Futevôlei is played up to 18 points. The serve switches sides after one team has made 6 serves; sides rotate after both teams have completed their set of services. Got it? It is like volleyball…well kind of, but not really. Futevôlei is the pinnacle of soccer-related sports. You need to have impeccable control of the ball with your feet, thighs, shoulders, head, and most importantly, your chest! Much in the same way a volleyball player “sets” the ball with their hands, futevôlei jogadores can do the same with millimeter precision using their chests, heads, thighs, shoulders, and even a foot stretched behind their back.
Futevôlei is not a game where you can expect instant success. It’s extremely difficult. Even if you have played soccer your entire life and can juggle a ball 100 times with ease, futevôlei is still a game with game-specific techniques and skills that need to be honed over months or years. I hope that I am not deterring you from playing; I’m just giving you some words of warning so that you’re not too hard on yourself when you start training. The first thing that is strange for 11 vs 11 soccer players is the way in which one uses their chest. Usually, a soccer player is taught to trap the ball with their chest. Coaches have probably taught you how to bring a ball under control by concaving your chest to cushion the ball and place it in front of your feet on the ground. Futevôlei demands the complete opposite. You need to be able to bend at the knees, lean back and pop out your chest in a manner that accurately propels the ball to your teammate. It will take your brain a little while to rewire your instincts and then a whole lot longer to perfect the timing, force, and accuracy of the pass. Practice till your chest turns the glowing red color of a Brazilian sunset.
Using your head is a lot easier to adapt to as you just need to head the ball upwards instead of downwards. However, the foot pass is a little different from the technique you learned in soccer. The best control is with the inside of your foot, but not your instep. Have you seen hacky-sackers? Well that is the technique you want to emulate. You lean back a little, and in a smooth upward motion, stroke through the middle of the ball. The thigh is pretty easy to adapt to also. Some players throw their foot out instead of tucking it under them. You are basically smoothly swinging through the ball and trying to loft it to your teammate with accuracy to their chest or head. The gameplay is identical to volleyball with 3 touches, alternating between players before the ball is returned. It is similar to bump-set-spike in volleyball. However there is no stigma attached to returning the ball on the first or second touch if you find your opponent poorly positioned. Players cannot touch the ball more than once, without the ball touching another player. The net does not reset your touch and unlike volleyball or tennis, if the ball touches the net on the serve it is still in play! Serves are done with as little spin as possible so that the wind can more effectively mess with the ball’s flightpath. Perhaps counterintuitively, spinning the ball on the serve actually makes it easier for your opponent to predict its path.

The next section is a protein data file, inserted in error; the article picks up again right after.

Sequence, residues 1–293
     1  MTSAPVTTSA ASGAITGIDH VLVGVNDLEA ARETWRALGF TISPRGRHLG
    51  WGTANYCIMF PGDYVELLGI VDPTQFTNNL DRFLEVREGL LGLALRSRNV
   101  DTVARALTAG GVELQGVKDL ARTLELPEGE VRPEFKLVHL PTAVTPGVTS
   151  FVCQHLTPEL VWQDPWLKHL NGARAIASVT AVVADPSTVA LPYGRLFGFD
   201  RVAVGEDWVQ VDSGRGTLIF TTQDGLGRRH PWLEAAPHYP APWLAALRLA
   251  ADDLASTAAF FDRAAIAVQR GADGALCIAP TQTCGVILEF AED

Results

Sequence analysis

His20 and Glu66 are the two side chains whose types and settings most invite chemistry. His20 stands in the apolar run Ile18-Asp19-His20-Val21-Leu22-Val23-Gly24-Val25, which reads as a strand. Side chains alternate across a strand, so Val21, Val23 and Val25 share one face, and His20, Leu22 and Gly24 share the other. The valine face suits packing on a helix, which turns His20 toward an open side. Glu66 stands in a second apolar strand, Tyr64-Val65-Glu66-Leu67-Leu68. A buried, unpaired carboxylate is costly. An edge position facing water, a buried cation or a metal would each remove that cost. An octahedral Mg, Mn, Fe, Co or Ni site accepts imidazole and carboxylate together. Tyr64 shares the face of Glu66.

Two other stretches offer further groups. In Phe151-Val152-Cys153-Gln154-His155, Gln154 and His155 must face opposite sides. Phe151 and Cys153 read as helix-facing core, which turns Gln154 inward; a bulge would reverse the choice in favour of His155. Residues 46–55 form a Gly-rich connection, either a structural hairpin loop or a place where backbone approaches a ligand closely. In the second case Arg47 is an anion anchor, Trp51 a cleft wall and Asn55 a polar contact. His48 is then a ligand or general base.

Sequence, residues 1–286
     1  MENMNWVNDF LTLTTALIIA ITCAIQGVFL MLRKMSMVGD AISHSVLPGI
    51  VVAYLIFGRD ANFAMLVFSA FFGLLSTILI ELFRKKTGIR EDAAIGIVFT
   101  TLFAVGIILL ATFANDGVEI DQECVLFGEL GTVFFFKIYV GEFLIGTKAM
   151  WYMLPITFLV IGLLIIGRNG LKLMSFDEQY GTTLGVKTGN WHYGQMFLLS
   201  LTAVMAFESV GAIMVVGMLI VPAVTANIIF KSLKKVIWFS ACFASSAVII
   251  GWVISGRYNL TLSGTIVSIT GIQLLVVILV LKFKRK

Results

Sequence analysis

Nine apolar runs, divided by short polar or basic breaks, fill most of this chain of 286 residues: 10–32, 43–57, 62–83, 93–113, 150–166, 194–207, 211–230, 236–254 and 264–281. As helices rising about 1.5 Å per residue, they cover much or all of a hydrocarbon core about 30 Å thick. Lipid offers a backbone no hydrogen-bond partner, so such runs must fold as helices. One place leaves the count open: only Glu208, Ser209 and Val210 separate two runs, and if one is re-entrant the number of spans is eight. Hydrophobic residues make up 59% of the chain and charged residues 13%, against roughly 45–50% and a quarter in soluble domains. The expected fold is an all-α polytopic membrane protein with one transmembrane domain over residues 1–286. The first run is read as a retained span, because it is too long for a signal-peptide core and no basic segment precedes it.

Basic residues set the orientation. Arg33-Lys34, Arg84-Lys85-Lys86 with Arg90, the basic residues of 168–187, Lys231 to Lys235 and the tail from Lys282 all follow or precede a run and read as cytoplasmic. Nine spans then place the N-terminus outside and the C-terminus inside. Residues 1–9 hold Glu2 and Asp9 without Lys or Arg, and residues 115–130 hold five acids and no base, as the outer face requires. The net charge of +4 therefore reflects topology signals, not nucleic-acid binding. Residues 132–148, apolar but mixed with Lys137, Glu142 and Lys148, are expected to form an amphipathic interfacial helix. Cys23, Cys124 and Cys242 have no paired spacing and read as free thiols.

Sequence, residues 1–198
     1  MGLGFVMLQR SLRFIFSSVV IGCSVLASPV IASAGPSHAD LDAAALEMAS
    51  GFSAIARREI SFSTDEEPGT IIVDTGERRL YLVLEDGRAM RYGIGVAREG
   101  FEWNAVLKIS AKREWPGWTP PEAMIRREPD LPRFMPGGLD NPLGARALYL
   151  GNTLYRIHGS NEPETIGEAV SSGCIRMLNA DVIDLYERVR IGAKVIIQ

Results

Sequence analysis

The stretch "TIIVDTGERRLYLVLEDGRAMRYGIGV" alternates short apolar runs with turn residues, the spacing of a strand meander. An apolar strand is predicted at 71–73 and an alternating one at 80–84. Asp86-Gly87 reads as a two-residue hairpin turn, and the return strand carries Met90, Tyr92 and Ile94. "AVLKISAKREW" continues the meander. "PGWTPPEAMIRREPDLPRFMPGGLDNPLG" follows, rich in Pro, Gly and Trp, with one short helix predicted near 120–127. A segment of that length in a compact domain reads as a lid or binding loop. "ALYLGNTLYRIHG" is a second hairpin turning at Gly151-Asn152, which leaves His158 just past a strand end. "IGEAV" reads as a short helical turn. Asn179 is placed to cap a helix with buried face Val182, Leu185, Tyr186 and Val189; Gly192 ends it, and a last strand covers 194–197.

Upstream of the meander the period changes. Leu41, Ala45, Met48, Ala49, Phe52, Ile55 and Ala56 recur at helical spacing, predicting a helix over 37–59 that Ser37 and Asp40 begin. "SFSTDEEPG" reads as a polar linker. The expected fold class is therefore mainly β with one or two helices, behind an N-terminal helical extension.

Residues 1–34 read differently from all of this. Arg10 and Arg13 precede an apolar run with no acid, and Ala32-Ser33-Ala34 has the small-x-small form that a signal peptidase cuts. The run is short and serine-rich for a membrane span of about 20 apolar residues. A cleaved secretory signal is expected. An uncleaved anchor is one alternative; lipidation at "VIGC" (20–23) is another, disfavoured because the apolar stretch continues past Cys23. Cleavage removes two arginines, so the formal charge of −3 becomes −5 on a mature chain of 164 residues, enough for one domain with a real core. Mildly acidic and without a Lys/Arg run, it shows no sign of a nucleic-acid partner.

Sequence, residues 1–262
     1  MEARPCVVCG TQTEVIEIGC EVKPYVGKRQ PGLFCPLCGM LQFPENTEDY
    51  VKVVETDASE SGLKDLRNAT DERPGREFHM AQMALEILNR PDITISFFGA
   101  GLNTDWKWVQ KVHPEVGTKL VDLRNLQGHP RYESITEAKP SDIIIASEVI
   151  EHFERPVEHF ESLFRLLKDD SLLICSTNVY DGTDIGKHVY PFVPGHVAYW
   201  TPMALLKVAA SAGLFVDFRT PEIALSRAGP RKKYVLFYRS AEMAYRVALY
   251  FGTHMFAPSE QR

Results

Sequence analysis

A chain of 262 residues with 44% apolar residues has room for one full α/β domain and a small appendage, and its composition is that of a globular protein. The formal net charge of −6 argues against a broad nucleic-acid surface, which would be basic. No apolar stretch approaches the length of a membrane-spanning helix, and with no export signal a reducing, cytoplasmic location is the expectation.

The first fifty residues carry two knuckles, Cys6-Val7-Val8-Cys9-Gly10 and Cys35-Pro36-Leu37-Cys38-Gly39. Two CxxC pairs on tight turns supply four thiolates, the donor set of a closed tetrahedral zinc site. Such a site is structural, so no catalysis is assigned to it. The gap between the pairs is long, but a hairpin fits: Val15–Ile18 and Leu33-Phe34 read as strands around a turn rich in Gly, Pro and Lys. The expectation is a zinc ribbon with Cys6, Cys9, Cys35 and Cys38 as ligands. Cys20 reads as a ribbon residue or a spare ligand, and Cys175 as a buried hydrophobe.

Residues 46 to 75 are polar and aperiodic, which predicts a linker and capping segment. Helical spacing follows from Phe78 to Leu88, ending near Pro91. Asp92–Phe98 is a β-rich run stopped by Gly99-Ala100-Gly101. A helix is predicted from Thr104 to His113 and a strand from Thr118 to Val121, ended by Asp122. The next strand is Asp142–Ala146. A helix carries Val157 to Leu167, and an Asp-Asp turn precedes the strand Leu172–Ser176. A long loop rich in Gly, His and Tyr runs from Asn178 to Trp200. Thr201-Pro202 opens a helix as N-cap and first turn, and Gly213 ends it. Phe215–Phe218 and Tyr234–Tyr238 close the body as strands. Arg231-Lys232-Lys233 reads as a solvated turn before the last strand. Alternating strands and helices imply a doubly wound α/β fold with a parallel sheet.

Well, there you have it. Now you know the basics of futevôlei. Next time you are in Copacabana, Ipanema, Botofogo, or Flamengo, cruise down to the water on a beautiful day and keep an eye out for the old men wearing speedos (sungas). They will be dark as leather and rippling with muscle from years of playing on the sunny beaches of Brazil. Take some time to watch, get a feel for the game, and learn from the masters. Then, when you’re feeling ready, go out there and join in on this classic of Brazilian sport culture.